By appointment through March 30, 2008
Patrick Brennan, Gianna Commito, Jaime Gecker, Jesse Hamerman, Jasmine Justice, Aaron Steffes, Mark Stockton, J.D. Walsh
Curated by Jon Lutz
Perfect Strangers Daily Operation brings together eight artists for a special one-week exhibition. Representing a variety of current practices, these artists are comfortable being conflicted, ambiguous, and unrestricted. Rather than being didactic, each work operates as a kind of visual non sequitur where convention is borrowed and then displaced.
Patrick Brennan and Jasmine Justice each sustain a nonchalant approach to painting, but this approach reveals itself differently. Through layering, Brennan pits the decorative and crafty against the sensual and utterly esthetic. In Justice’s paintings, there is an initial appearance of completeness, which unravels slowly to uncover a playful and open-ended experimentation. While unrelated in process, Gianna Commito and Jesse Hamerman each work with an antiformulaic space. In Commito’s watercolors, a lyrical, soft-edge geometry intersects with meticulousness for perspectival, formal, and literal vagueness. Similarly vigorous, Hamerman reduces the signatures of public personas to sculpted, abstract line drawings, masking any referential content.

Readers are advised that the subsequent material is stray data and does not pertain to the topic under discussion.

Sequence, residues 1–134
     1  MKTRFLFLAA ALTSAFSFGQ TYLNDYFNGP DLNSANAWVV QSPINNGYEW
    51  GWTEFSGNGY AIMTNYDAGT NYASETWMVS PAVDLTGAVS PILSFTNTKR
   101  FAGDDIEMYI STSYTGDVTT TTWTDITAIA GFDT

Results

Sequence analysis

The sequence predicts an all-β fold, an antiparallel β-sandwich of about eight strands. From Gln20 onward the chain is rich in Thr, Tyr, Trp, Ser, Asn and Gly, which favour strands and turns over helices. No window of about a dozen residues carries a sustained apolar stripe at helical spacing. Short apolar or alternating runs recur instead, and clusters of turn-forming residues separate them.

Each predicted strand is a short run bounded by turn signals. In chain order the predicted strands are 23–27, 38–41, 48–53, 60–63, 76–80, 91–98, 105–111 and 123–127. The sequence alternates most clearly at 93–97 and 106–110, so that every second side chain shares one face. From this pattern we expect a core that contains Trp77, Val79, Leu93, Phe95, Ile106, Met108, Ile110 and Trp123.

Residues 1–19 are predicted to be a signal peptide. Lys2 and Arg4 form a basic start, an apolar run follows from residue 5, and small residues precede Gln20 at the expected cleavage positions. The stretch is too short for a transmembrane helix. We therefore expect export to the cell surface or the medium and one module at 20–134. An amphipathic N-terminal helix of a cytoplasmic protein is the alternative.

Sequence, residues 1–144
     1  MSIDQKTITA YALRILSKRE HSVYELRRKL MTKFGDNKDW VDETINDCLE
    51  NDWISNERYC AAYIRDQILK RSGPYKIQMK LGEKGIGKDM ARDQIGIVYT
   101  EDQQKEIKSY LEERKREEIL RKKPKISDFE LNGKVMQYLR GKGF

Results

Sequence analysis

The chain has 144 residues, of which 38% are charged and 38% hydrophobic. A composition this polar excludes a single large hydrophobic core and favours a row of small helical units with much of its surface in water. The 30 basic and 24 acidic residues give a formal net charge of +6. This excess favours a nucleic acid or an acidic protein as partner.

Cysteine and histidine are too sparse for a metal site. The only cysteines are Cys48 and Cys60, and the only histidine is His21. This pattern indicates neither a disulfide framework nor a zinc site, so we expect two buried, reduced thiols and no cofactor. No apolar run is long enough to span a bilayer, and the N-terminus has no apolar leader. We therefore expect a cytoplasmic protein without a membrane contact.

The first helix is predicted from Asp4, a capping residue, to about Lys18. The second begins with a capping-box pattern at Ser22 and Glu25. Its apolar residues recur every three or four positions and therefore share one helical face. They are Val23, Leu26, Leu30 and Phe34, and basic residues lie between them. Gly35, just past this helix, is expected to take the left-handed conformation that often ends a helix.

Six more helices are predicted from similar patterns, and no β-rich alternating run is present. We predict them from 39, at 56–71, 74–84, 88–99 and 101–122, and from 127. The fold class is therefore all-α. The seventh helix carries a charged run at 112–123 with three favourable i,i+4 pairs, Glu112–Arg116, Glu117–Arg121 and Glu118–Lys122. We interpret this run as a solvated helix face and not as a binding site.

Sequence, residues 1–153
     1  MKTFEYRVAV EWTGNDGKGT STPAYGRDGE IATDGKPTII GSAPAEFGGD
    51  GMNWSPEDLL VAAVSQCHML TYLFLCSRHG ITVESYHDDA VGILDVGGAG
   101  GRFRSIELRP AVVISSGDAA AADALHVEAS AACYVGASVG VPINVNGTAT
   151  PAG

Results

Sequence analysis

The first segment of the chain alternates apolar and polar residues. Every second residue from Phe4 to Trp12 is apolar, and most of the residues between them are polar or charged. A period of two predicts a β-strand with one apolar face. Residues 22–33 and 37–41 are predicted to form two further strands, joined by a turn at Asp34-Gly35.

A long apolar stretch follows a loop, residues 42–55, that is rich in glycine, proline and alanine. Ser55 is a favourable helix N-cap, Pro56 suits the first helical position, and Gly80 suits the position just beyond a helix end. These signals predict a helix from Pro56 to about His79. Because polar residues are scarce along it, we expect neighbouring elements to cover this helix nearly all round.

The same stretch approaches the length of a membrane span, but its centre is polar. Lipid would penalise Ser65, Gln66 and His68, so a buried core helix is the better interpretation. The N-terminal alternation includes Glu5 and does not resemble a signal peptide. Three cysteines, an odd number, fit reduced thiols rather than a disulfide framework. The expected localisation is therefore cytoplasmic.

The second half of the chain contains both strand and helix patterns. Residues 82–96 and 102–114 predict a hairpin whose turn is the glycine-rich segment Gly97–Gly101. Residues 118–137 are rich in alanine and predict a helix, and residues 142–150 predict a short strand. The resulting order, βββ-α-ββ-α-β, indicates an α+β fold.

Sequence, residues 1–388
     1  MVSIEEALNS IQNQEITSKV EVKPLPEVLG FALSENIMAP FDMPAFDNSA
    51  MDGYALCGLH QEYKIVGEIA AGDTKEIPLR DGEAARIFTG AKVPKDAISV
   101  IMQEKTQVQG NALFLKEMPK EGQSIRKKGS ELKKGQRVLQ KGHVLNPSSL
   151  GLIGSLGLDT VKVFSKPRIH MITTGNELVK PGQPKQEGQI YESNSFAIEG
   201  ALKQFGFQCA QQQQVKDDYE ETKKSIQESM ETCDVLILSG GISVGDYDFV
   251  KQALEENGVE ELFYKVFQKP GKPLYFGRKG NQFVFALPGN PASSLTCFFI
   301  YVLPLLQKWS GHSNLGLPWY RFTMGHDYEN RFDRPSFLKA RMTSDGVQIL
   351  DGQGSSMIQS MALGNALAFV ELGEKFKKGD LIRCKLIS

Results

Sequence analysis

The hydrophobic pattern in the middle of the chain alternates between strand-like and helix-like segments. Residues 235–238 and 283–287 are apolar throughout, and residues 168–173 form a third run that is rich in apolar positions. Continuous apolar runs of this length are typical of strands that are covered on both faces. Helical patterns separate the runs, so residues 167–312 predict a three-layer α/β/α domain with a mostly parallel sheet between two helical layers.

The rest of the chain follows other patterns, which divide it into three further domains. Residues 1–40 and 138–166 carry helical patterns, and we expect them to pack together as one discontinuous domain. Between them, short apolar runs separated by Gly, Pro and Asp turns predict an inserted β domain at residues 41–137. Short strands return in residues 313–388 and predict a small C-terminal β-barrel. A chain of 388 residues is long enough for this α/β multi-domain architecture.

J.D. Walsh and Jaime Gecker carefully construct their arrangements of borrowed material, but they depart in their chosen subjects and manner of execution. Walsh uses a self-invented computer program that randomly generates text and images and projects them in rhythmic patterns onto wall constructions. Gecker photographs, dissects, and reconfigures film stills into paintings with miniaturized, conflated scenes with hazy narratives. Aaron Steffes and Mark Stockton address the awkward nature of celebrity. Steffes envisions popular fiction writers transplanted from their book jackets into cramped apartments and surrounded by strange plants. Taken from sources like film stills and press photos, Stockton’s intimate and detailed portraits of well-known personalities simultaneously mimic, mock, and revere their subjects.